Original article

Scand J Work Environ Health 1987;13(5):445-452    pdf


Effect of fork-lift truck driving on low-back trouble.

by Brendstrup T, Biering-Sorensen F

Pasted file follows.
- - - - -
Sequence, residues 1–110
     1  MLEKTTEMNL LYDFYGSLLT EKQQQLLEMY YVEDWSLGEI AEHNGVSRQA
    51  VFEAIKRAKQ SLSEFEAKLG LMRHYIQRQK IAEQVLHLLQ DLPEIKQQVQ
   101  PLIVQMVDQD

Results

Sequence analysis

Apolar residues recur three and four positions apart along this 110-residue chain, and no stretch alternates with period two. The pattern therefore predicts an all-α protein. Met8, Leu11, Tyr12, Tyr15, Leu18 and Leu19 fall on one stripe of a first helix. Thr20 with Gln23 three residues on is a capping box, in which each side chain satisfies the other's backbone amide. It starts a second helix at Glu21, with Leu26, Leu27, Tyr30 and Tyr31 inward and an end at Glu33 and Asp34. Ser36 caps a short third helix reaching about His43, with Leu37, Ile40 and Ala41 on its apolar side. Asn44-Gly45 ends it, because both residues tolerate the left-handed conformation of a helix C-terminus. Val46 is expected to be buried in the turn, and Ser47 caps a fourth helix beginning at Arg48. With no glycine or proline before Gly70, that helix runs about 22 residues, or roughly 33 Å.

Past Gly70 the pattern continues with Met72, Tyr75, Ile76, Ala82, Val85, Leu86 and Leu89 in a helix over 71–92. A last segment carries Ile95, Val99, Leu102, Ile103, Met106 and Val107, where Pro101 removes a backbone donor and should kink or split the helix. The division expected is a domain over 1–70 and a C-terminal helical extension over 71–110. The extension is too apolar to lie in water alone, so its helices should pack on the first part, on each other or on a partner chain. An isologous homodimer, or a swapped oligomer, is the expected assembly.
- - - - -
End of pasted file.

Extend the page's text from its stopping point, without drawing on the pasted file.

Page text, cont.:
In a population of 240 male fork-lift truck drivers who drove at least 4 h daily, the occurrence of low-back trouble was studied in relation to that of two reference groups. The participation rate of the fork-lift truck drivers was 88%. The responses to a questionnaire concerning low-back trouble were reviewed. Among the fork-lift truck drivers, a statistically significant higher occurrence of low-back trouble was reported for the year preceding the study, in comparison, according to age, to that of a reference group of 399 working men (65 against 47%); however, there was no significantly increased frequency when compared to that of a reference group of 66 unskilled male workers (65 against 51%). The fork-lift truck drivers had a significantly higher rate of absence from work within the previous year due to low-back trouble than the two reference groups (22% compared to 7 and 9%). These findings were confirmed during the follow-up year. A correlation was found between length of employment as a fork-lift truck driver and the occurrence of low-back trouble within the preceding year. It was concluded that fork-lift truck driving may be a contributory cause for low-back trouble.